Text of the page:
Julie Smith: If you asked Julie Smith about her life she would probably say: “Music is my life!” And is, whether playing the piano (from classical lessons as a child, to playing for church, and for the last 15 years playing Scottish Country Dance music), directing choirs at both church and in the schools, and teaching music in the public school system.She has attended Pearl Holmberg workshops, in Vancouver, two Dance Masters Workshops for Teachers and Musicians in Sonoma, California, and TAC Summer School musicians’ workshops in order to develop the technique required to play for dancing. Julie has been invited to play for many workshops in the Vancouver area and Vancouver Island and plays for the Tartan Players. As a dancer herself, she know how important the music is to good dancing.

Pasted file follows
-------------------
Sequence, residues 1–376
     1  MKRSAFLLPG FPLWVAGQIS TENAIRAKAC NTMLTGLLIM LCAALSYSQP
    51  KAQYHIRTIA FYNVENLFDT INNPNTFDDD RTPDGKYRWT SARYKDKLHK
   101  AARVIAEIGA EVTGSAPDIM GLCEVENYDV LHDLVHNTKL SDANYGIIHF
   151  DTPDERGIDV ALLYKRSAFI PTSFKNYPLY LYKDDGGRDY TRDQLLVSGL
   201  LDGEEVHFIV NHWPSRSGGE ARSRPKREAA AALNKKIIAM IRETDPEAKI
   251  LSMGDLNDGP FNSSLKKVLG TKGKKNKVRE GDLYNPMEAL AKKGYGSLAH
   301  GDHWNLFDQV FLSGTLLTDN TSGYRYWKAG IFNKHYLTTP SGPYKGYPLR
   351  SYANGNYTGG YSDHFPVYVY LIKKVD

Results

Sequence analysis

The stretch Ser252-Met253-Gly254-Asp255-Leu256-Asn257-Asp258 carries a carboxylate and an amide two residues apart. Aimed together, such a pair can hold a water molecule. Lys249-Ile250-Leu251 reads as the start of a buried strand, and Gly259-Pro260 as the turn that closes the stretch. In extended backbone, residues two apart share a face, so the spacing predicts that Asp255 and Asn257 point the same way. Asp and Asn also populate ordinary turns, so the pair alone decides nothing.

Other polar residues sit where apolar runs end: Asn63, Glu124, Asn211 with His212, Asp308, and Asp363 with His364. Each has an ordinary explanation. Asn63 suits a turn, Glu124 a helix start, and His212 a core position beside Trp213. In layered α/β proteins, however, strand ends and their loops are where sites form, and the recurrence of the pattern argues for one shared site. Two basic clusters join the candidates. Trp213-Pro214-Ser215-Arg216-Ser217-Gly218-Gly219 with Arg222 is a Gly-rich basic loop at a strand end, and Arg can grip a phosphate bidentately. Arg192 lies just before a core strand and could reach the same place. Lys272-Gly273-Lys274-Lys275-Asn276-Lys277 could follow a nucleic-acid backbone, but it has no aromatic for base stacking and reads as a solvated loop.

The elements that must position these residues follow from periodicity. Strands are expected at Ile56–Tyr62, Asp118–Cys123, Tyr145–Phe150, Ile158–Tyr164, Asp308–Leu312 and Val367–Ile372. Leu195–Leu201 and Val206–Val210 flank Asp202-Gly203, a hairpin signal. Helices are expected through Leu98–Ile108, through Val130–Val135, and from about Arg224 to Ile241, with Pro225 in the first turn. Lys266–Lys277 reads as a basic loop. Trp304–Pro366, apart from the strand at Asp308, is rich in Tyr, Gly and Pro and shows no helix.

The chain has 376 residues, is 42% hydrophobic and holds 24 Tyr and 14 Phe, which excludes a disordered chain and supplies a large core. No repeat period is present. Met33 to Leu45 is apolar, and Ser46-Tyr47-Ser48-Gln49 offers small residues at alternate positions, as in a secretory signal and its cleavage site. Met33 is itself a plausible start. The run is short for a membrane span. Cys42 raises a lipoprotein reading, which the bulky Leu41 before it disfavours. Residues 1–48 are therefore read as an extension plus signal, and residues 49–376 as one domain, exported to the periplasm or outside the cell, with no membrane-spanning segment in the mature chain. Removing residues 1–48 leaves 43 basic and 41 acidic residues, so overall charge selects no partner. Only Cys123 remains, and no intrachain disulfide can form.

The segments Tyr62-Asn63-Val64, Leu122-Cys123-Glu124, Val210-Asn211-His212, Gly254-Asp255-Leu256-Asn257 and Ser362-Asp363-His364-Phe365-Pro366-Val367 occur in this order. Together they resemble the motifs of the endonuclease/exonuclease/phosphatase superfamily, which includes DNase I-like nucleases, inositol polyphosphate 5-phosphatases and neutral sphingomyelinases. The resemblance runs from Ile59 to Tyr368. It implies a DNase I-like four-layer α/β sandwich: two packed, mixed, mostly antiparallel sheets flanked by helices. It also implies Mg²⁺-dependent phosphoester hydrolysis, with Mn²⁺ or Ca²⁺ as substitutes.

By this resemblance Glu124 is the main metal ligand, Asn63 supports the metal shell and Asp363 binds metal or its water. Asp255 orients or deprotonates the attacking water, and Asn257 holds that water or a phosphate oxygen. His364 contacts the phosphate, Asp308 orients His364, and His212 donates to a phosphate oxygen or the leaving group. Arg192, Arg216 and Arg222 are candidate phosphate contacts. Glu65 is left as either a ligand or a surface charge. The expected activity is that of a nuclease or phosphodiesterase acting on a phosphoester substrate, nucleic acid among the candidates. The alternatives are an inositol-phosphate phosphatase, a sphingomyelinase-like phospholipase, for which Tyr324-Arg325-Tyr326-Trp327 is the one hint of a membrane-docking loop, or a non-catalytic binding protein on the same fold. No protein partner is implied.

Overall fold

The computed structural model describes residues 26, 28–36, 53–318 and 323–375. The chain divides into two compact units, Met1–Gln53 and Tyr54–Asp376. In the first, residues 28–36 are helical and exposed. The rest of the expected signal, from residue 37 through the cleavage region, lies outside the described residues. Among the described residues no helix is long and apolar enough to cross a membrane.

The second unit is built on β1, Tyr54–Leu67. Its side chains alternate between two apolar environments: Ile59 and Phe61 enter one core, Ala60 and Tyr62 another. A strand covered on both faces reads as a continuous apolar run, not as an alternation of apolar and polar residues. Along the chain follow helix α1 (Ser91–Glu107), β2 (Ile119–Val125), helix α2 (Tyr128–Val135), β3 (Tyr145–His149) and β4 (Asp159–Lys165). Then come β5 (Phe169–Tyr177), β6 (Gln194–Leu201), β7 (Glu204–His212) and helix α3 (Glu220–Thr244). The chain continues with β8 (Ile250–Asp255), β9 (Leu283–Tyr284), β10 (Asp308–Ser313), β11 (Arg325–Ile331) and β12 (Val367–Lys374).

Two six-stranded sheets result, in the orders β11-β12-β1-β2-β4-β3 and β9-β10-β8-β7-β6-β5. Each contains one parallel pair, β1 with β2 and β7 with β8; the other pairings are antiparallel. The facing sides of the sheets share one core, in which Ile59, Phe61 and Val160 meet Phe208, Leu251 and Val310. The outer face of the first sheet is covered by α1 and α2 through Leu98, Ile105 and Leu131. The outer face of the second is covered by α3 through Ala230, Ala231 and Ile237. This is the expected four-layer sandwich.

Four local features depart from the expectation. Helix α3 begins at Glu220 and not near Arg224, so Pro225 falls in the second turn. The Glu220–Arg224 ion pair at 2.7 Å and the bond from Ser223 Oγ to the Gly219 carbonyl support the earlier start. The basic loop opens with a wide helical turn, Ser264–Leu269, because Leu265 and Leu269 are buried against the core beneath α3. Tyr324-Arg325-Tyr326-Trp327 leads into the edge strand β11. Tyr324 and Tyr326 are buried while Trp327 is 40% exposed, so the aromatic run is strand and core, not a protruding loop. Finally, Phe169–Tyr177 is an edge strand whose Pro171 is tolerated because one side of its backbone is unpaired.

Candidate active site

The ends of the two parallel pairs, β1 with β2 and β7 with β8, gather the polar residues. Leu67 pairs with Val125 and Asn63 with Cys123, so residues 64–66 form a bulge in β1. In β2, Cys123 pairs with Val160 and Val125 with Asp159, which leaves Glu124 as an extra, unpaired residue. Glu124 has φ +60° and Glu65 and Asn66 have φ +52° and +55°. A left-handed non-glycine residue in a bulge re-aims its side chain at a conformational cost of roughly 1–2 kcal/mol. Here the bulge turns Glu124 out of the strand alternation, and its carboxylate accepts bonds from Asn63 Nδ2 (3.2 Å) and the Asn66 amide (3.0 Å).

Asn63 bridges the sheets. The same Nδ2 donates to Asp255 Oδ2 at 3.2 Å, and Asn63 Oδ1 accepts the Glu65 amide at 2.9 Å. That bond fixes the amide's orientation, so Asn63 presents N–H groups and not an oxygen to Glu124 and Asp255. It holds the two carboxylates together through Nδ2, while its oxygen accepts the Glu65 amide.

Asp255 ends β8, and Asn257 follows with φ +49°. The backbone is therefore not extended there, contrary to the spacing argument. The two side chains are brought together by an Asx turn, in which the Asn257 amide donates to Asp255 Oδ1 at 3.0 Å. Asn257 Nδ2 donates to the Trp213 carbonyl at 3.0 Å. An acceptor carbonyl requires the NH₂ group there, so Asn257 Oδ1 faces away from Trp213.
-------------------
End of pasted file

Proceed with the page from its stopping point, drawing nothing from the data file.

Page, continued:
Joseph Condie: At University of Calgary, Joe was founding produce and music director of their musical theatre. After a four year stint in the Calgary Philharmonic, he moved to Vancouver, earned his B.Mus., and spent four years playing wind music for the Renaissance on period instruments, Ceasing music as an occupation, he continues to play folk-dance music with a variety of bands including Gammel Dansk.
Ready for the ball?
This guy obviously enjoys getting ready in all his finery- but, Gentlemen, you don’t have to have a kilt to go to the ball. It’s your ball- wear what makes *you* feel fine! Plus- a little secret: he borrowed that outfit! Don’t be afraid to ask fellow dancers or the workshop committee for advice on borrowing. Ladies- same idea- wear what makes you feel fine (long dress, short dress, in between…. ask your friends!)
June Robinson (Chair), Janet Yonge, Barb Currie, Gordon Robinson, Pat Warman, Anita Mathur, Kathy Grant, Lori Morrison